A new Money Metals client reported to us significant trouble retrieving of his silver American Eagles which were supposed to be held for him in a segregated storage account at another prominent bullion dealer.
As it happens, he was taking Money Metals up on our offer to buy his Silver Eagles at historically high premiums over spot.
However, it took six weeks for him to extract all his Silver Eagles stored at this other company – and it only happened in dribs and drabs and only after some complaining.
First off, a single report like this is not enough to confirm a larger problem exists, so we will not name this other dealer.
That said, we have enough detail to see what may be happening.
Times when we see higher strains in the industry are especially good times to remind retail bullion investors to be careful.
If a business isn’t making delivery on the timeline you expected – whether it be extracting your metals from storage or receiving delivery of a new purchase – it could be a sign of serious trouble.
In the case of precious metals you are already holding in a segregated storage account, we can think of no good reason for a dealer or depository to take several weeks or more to return your property. After all, items in a segregated account are supposed to be laying on a vault shelf with your name on them, ready to go.
To be sure, poor management as well as staffing challenges can explain many issues. But experience tells us that the first signs of truly serious trouble is when a business in our industry systemically fails to meet commitments.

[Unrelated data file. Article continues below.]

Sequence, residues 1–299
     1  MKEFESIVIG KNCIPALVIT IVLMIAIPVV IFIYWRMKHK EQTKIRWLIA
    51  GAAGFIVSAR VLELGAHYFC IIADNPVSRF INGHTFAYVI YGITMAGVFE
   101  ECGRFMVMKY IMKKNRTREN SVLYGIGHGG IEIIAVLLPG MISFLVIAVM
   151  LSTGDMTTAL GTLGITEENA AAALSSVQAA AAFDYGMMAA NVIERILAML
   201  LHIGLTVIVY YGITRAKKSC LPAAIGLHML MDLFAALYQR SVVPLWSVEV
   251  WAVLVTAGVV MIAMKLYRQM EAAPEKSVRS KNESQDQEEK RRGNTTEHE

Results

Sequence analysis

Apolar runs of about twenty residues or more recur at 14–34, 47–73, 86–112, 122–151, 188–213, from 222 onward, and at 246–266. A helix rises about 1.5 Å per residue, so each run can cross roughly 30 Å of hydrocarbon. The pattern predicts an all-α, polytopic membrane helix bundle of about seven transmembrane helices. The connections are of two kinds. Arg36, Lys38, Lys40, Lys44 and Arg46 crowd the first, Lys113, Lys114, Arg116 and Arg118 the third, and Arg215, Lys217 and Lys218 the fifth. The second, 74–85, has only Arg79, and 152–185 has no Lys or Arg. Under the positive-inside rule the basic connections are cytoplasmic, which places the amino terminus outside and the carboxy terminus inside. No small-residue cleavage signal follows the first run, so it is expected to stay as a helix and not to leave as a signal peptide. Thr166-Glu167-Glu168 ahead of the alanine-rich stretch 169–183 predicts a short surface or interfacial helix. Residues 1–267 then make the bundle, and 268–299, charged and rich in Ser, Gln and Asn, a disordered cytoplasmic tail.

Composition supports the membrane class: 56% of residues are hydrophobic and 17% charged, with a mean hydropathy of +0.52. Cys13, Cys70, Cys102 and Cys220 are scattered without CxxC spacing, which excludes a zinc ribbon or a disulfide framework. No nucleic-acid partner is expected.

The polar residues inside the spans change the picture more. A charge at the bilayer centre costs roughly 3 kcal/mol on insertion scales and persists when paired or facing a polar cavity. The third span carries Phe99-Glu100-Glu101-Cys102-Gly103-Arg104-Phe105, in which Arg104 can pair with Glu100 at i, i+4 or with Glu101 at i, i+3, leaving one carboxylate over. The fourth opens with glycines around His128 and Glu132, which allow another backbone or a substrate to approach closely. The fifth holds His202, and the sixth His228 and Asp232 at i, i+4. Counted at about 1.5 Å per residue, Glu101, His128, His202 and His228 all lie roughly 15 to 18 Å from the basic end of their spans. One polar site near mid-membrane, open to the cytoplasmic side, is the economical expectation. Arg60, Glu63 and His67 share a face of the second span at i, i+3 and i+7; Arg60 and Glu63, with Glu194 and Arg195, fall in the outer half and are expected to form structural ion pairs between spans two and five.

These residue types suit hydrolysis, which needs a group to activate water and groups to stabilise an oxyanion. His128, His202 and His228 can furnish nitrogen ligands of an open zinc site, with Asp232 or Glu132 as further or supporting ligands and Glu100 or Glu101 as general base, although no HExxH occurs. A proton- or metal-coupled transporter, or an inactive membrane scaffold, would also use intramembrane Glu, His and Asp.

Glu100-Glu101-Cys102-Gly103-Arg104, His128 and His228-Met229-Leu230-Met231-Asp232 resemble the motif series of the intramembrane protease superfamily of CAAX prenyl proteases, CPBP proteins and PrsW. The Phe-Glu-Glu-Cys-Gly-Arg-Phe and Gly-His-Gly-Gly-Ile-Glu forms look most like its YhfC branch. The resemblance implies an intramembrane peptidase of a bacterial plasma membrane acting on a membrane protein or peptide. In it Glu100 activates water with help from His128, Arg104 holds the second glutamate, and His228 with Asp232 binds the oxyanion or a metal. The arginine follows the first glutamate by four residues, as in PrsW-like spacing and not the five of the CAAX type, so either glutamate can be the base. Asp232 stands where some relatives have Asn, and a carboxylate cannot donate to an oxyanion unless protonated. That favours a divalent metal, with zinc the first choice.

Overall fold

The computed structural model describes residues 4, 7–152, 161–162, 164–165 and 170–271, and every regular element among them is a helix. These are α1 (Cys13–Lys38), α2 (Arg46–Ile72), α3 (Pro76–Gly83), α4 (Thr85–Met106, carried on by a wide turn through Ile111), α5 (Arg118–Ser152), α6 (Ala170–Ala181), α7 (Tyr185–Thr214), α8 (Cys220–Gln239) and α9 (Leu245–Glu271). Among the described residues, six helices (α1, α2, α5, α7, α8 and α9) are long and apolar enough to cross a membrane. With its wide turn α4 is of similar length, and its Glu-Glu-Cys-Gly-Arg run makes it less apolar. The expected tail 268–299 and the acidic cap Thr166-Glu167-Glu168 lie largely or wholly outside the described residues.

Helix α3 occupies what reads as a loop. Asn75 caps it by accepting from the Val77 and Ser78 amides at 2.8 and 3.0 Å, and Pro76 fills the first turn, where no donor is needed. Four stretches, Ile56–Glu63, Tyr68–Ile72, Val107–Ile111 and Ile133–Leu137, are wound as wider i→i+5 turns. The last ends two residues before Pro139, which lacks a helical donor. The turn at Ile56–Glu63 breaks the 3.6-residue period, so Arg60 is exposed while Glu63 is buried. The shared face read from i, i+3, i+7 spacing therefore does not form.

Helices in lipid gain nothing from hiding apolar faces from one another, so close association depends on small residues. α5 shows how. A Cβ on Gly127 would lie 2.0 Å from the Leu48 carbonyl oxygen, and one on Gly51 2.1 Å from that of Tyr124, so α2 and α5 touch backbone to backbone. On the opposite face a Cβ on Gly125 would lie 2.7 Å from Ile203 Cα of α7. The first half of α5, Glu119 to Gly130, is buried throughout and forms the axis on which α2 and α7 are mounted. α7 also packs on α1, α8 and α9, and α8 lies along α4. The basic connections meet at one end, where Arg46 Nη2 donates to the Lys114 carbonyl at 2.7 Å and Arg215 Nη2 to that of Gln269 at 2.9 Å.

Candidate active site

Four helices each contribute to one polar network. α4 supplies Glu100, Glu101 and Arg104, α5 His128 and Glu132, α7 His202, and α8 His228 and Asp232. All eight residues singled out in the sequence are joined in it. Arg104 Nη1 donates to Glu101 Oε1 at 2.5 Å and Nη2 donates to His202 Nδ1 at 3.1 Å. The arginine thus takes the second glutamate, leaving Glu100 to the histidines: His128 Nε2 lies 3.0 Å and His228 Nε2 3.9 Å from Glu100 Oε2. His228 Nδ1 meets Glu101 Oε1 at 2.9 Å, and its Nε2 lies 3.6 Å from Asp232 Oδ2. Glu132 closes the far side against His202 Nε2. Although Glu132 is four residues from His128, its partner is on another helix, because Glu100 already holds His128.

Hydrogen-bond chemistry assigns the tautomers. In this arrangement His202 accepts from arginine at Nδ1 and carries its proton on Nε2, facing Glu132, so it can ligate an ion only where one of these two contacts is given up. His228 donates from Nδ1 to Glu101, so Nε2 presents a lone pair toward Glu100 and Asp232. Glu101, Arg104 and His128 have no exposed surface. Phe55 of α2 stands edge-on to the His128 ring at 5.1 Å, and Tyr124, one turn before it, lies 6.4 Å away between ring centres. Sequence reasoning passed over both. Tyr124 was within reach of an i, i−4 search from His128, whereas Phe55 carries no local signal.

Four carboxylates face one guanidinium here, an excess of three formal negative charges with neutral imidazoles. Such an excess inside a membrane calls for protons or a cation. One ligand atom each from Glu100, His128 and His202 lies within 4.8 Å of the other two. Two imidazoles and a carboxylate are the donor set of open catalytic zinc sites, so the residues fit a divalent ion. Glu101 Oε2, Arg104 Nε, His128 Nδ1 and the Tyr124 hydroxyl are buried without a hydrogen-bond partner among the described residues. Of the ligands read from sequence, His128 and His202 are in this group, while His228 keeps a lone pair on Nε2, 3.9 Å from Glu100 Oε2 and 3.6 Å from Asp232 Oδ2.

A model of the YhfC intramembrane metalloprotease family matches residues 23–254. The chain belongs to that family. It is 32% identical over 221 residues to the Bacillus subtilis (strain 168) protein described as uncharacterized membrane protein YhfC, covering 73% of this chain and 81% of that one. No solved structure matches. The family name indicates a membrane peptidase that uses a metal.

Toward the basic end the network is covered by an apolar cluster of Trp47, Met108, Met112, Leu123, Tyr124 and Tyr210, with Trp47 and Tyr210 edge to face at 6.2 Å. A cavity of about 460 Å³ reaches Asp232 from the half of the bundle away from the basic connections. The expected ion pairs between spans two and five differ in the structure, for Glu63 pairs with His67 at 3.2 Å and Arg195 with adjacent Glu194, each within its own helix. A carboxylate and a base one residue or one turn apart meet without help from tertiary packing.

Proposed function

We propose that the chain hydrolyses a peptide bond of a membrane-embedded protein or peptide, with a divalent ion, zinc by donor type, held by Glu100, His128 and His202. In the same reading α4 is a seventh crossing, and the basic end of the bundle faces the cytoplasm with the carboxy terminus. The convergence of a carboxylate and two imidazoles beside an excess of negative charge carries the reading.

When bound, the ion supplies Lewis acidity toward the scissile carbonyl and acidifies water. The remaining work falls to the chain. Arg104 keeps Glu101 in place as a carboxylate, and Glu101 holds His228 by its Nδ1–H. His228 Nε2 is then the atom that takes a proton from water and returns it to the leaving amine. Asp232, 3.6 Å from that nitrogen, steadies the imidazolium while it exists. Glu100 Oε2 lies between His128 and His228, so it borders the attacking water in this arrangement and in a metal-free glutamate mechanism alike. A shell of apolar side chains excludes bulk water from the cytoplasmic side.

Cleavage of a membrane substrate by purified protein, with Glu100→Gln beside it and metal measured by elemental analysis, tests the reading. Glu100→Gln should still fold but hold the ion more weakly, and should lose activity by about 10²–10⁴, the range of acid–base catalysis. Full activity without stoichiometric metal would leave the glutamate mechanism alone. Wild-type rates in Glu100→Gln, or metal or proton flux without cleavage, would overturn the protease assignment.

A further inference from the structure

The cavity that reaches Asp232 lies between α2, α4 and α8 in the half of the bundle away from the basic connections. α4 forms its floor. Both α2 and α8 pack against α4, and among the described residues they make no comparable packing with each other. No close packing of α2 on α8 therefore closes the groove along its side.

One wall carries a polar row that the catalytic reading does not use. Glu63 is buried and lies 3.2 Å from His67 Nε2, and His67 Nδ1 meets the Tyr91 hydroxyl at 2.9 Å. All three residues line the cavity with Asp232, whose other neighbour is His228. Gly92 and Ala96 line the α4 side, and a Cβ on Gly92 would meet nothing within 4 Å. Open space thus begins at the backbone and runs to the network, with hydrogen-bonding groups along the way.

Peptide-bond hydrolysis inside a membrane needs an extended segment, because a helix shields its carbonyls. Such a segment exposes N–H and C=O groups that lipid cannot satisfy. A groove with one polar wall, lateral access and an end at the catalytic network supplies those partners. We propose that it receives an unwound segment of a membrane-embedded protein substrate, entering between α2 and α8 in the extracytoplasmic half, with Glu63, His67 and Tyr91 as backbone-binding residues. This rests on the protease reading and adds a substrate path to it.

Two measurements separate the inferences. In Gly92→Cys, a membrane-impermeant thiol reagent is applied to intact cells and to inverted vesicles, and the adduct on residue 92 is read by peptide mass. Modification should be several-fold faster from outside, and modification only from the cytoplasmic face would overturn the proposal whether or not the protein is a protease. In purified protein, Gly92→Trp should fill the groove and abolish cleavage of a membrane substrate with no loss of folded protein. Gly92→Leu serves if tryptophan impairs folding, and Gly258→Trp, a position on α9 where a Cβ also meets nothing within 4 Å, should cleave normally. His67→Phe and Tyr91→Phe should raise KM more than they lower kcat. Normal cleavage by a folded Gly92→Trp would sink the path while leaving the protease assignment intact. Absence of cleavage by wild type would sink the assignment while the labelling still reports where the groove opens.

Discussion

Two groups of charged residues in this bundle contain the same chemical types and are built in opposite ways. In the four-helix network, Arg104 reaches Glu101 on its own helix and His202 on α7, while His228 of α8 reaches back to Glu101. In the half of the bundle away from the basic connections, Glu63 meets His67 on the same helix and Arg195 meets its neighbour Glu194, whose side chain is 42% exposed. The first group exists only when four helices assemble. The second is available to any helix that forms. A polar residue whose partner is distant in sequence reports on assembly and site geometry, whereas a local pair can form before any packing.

Watch for the Telltale Signs of Trouble
There have been, unfortunately, unethical (or outright corrupt) dealers who drove their business into the ditch while their clients got stuck holding the bag.
Only a few years back, for example, Tulving & Company went bust. A similar blow up occurred at the Northwest Territorial Mint (NWTM) in 2016. There have been others.
The proprietors of both Tulving and NWTM were ultimately sentenced to prison for defrauding customers out of big money. Thousands of clients lost tens of millions of dollars when their orders went undelivered.
In both cases, however, early warning signs included widespread reports of delivery delays and rising customer complaints at largely credible customer review sites such as the Better Business Bureau. Poor communication was another red flag.
Those who simply took note of literally scores of recent complaints about delays, broken promises, and lack of communication could have avoided their losses. Some victims had even engaged in prior transactions with these firms, yet they foolishly kept coming back despite repeated bad experiences.
In both the Tulving and NTWM scandals, the ultimate blow-ups happened many months after the first signs. In fact, the signs at NWTM had actually been there for years; the business had even been disciplined by state regulators for serious breaches in the past.
It is important to note there can be legitimate explanations for delayed shipment – especially right now.
A new surge in demand since early September has caused inventories of the most popular gold and silver bullion products to become depleted. Delays of some kind are currently both widespread and unavoidable in many cases.
The best operators, however, will advise clients of any delay before accepting the order. Then they will meet the expectation they have set. If clients are told to expect shipment with a two-week delay, that is what they should get.
Investing in physical metals is no different than making other major purchases.
Consider doing some due diligence before making the plunge – and insist on good service after the order is placed.
Money Metals has a reputation for delivering quickly and on time. We regret there are delays on some products right now because of off-the-charts demand in recent weeks, but we are the best in the industry at securing inventory and meeting or exceeding client expectations.
We won’t take orders for metal we are not sure we can ship in a reasonable time frame – and we do so as promised, or sooner.